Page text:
First, he must address the root problem here, which is a failure of senior management (the VP/facilities) to put his authority behind development of a rational base for the project. This fundamental failure was compounded by whoever was the project manager at the time, accepting the situation and proceeding to drive the project into the ditch. Sergei himself picked up the downward spiral from his predecessor.

How does Sergei reverse all this?

For starters, he must attempt to reconstitute a realistic basis for the project. Instead of asking for a postponement of the deadline, he must declare a halt to the project, and inform the vice president. His message: He has acted to stop a serious waste of resources and must have an immediate conference with the VP. That should get some attention.

This may seem insubordinate enough to end this phase of Sergei’s career, but what other choice does he have? He never should have agreed to attempt the impossible in the first place – that didn’t make it possible, it simply volunteered him to take the fall. 

If the vice president truly wants the project to succeed, he will agree to meet – however angry he might be.
Now Sergei shifts into diplomacy mode: How does he carry out a conflict management phase, followed by a persuasion negotiation? By doing his homework and tuning up his political skills.

And he must thoughtfully examine this experience as soon as it’s over, zeroing in on what precisely started this ball rolling out of control down the hill, what accelerated that destructive process, and what specifically will prevent it from starting at all in his next project.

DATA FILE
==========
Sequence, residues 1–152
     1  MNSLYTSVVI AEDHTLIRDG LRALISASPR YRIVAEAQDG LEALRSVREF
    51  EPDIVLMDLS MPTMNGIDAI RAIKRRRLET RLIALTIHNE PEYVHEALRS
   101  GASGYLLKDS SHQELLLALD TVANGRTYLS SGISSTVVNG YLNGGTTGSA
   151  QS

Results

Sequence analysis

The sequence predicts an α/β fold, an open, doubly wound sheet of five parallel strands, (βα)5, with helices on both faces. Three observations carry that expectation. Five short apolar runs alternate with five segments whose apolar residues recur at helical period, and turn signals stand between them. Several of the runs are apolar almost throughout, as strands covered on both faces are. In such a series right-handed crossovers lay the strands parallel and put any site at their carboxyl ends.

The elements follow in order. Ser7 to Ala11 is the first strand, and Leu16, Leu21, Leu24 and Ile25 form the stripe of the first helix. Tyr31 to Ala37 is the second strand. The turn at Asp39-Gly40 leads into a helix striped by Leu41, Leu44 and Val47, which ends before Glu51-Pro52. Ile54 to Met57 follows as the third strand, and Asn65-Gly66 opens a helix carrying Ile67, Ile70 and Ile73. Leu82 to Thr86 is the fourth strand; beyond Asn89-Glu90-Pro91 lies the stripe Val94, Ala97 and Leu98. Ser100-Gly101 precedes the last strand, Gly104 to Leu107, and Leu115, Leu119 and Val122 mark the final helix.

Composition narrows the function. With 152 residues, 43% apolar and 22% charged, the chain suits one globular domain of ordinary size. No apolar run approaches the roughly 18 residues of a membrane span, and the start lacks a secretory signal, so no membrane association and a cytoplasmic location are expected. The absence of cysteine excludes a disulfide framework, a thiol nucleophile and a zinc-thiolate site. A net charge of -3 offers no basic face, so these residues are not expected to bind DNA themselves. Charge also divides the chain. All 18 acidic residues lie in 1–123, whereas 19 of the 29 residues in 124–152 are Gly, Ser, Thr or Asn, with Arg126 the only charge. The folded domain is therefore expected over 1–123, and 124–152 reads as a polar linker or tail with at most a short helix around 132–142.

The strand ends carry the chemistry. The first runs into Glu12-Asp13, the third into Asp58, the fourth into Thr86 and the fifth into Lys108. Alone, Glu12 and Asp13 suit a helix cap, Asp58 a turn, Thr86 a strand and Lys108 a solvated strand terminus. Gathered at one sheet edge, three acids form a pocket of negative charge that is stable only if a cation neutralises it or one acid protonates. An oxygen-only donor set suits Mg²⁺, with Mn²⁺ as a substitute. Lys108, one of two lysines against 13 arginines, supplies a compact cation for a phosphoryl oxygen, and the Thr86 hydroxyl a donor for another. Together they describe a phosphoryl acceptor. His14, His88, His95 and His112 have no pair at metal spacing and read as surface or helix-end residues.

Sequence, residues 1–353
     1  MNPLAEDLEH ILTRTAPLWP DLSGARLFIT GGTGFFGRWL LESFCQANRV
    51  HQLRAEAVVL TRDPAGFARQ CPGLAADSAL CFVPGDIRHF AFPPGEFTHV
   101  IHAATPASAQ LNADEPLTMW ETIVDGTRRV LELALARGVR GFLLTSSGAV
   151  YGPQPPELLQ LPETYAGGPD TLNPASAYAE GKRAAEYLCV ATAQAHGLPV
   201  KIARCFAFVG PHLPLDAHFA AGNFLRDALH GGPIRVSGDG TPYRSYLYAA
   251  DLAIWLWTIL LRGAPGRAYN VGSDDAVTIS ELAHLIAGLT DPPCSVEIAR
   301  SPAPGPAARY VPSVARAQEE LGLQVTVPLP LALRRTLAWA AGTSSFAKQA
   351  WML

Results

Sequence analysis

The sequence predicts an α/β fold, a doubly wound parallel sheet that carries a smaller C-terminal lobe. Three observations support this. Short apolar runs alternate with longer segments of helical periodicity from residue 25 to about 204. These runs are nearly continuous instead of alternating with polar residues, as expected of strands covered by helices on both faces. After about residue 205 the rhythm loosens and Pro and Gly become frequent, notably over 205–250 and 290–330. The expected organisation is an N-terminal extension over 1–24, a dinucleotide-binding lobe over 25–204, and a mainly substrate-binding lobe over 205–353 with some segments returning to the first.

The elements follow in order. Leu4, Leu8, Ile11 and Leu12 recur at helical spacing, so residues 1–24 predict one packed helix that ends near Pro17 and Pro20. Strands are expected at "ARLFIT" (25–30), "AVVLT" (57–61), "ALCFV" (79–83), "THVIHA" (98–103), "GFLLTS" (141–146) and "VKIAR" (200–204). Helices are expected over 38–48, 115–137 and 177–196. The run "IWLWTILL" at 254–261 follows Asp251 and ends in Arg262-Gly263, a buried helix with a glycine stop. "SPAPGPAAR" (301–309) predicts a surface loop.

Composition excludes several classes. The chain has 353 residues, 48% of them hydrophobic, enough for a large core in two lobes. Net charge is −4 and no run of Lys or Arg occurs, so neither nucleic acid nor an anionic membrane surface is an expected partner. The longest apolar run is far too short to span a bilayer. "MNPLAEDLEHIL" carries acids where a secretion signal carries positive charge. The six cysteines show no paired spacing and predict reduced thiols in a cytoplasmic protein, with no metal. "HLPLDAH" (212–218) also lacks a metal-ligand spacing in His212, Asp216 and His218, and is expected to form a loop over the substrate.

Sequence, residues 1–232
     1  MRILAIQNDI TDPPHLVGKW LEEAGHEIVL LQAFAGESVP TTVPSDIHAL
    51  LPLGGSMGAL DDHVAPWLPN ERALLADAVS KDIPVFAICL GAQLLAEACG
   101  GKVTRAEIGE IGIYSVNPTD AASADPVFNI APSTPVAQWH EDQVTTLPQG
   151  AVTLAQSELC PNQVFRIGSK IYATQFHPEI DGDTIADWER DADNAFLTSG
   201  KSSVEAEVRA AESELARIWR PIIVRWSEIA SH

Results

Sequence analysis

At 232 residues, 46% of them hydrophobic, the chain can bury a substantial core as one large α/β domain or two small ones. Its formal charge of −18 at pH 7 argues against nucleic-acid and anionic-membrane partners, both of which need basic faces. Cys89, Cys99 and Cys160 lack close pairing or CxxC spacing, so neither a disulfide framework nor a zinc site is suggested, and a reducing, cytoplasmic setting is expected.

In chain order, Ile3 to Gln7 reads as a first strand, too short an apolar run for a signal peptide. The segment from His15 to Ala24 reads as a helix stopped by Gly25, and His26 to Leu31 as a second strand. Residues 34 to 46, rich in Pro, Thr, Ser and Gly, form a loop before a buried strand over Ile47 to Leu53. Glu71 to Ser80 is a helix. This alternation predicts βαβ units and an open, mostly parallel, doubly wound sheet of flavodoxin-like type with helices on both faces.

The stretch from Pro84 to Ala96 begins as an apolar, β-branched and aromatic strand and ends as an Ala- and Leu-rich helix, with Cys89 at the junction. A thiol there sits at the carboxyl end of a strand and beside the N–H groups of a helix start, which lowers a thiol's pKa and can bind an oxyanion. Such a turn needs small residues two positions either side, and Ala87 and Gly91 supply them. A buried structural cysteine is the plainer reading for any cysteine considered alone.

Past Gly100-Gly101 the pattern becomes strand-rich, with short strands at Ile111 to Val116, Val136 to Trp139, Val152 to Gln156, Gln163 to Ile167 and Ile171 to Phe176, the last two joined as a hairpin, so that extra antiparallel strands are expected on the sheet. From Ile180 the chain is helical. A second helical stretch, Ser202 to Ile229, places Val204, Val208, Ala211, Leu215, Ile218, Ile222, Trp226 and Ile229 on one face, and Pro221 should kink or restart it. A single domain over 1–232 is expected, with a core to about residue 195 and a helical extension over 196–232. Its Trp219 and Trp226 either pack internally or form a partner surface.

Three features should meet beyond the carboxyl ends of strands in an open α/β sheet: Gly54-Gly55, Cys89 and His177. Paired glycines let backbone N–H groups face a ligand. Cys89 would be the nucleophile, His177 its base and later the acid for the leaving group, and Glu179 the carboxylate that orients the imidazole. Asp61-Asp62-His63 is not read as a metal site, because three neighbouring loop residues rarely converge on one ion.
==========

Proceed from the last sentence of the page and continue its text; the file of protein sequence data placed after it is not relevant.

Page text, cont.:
1. Jim, I've seen this before- more than once. A memorable situation was when sales pushed a major change that systems and operations could not implement on deadline. It was a project that grew in scope, championed by the senior sales leader. The development team worked smoothly and created a wonderful new product. Putting it in place was a nightmare. The department ended up issuing mandatory every night and every weekend overtime,for months, for the progammers, who still could not program quickly enough. Operations staff had to process the changes manually, for months, because customer orders were flying in. The manual process was cumbersome and time consuming, so the operations people ended up with the same mandatory overtime. The kicker came when the department senior leaders, finally noticing that people were exhausted, resentful and angry, issued to every person involved a nice picture frame with a gift certificate to get a photo portrait done. The accompanying note acknowledged that families were likely missing their loved one, so get a photo taken and give it to your family. They could look at it and feel you were there with them. Had the project been handled as you suggest in your blog follow-up, the company could have saved much pain and money, and the good will of its employees.

  2. Thanks Jim,
    Stopping a project doesn't normally make the short list of options - we're so intent on making something happen, that letting it die would be admiting personal failure... but, as you point out - it might be the only way to save the project in the long run.
    Great post!

  3. A follow up on why 80% of IT projects don't meet goals would be an interesting read.

    When a project goes off track, there are two potential solutions. Put your head down, press on in chaos with success only through herculean effort (maybe) or, stop the project and replan. Without the commitment of the project sponsor and key stakeholders, the project is doomed anyway. The only thing left is the 'hunt for the guilty'.

    This scenario is more common than though and is overlooked in the bright beginnings of a project. This should be at the top of the risk management planning.

    Keep up the good work.